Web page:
vertical and horizontal moments, Proc. PRADS'95, Seoul, 1995.
13
18. MANSOUR, A.E., YANG, J.M., THAYAMBALLI, A., An experimental investigation of
ship hull ultimate strength, Transactions of SNAME, 98, 1990, 411439.
19. NARAYAN, R., CHAN, L., Ultimate capacity of plates containing holes under linearly
varying edge displacements, Comp. Struct., 21, 1985, 841849.
20. NISHIHARA, A.C., Ultimate longitudinal strength of midship cross section, Naval
Arch. & Ocean Engng, 22, 1984, 200214.
21. RAHMAN, M.K., CHOWDBURY, M., Estimation of Ultimate Longitudinal Bending
Moment of Ships and Box Girders, Journal of Ship Research, 1996, 40, 244257.
22. RUTHERFORD, S.E., CALDWELL, J.B., Ultimate Longitudinal Strength of Ships, A
Case Study, SNAME Transactions, 1990, 98, 441471.
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effective Widerstandsmoment des Schiffkastentrgers mit ausbeulenden
Lngsverband, Schiff und Hafen, 1964, 8, 730739.
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a ships hull, Proc. PRADS77, Tokyo, 1977.
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Technical University of Gdask, Gdask, 1995 (Ph.D. dissertation).
26. TACZAA, M., JASTRZBSKI, T., Verification of simplified formulae for determination
of stressstrain curves for various modes of failure, Report No 46S, Technical
University of Szczecin, October 1997.
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Veritas Technical Report No 790104, 1979.
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Windus, London, 1967.
Streszczenie
Artyku dotyczy nonoci granicznej kadubw okrtowych. Pokrtce przedstawiono sposoby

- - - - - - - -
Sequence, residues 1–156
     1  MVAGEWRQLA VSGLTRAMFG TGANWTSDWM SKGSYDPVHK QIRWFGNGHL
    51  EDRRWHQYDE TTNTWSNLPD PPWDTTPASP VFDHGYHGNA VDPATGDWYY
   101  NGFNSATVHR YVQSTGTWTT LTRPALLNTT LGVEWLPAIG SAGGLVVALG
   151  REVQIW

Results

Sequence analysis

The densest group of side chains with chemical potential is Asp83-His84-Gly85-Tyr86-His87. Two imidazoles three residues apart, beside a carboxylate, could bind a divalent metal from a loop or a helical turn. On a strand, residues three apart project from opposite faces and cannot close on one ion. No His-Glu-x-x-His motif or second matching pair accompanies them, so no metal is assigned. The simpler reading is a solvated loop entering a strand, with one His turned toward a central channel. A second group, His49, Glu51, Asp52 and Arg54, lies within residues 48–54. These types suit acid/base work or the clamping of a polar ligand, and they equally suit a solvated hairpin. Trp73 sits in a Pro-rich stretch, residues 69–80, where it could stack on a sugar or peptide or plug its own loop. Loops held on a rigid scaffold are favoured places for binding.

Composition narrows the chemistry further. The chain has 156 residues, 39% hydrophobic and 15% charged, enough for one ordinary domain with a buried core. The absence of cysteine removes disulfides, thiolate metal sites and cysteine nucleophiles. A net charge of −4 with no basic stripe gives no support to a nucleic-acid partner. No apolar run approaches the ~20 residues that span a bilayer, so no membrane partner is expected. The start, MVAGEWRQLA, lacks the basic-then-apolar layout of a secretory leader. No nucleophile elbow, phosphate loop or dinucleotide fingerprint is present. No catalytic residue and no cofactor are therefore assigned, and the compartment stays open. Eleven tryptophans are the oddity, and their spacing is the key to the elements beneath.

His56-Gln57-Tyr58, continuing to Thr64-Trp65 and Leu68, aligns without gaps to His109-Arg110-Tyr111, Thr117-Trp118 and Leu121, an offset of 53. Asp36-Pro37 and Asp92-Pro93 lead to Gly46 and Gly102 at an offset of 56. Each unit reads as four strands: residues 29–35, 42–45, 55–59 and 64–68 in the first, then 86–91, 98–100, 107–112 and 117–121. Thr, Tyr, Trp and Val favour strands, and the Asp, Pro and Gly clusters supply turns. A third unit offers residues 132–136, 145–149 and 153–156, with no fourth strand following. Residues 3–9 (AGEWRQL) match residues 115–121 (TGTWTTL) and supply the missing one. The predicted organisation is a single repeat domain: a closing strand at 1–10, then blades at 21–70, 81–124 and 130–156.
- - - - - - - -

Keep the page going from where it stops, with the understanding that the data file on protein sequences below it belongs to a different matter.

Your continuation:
rozwizywania tego zagadnienia. Wykorzystujc wzory przyblione oraz wyniki oblicze
metod elementw skoczonych okrelono krzywe obcienieprzemieszczenie dla pyt
usztywnionych poprzecznie poddanych dziaaniu obcienia rozoonego rwnomiernie i
liniowo wzdu krawdzi. Wyniki wykorzystano do oblicze momentw granicznych statkw
z rejonami usztywnionymi poprzecznie. Przedstawiono porwnanie wynikw wartoci
nonoci granicznej kadubw.
Acknowledgement
14
This paper is a part of the joint Bureau Veritas  Technical University of Szczecin research
project on the ultimate capacity of ship hulls. Personal engagement of Mr. Bghin in the
project is kindly acknowledged.
Figure captions
Fig. 1. Stress distribution in ship hull crosssection subject to vertical bending
Fig. 2. Typical crosssection of bulkcarrier
Fig. 3. Typical crosssection of container
Fig. 4. Finite element model of plate
Fig. 5. Loadend shortening curve
Fig. 6. Stress distribution along compressed edge for 05
0
.
Fig. 7. Stress distribution along compressed edge for
0
Rys. 1. Rozkad napre w przekroju poprzecznym kaduba poddanego pionowemu zginaniu
Rys. 2. Typowy przekrj poprzeczny masowca
Rys. 3. Typowy przekrj poprzeczny kontenerowca
Rys. 4. Model obliczeniowy pyty w MES
Rys. 5. Krzywa obcienie  skrcenie
Rys. 6. Rozkad napre wzdu ciskanej krawdzi dla odksztacenia 05
0
.
Rys. 7. Rozkad napre wzdu ciskanej krawdzi dla odksztacenia
0
Tabela 1. Porwnanie nonoci granicznej dla pyt usztywnionych poprzecznie
Tabela 2. Nono graniczna masowcw
Tabela 3. Nono graniczna kontenerowcw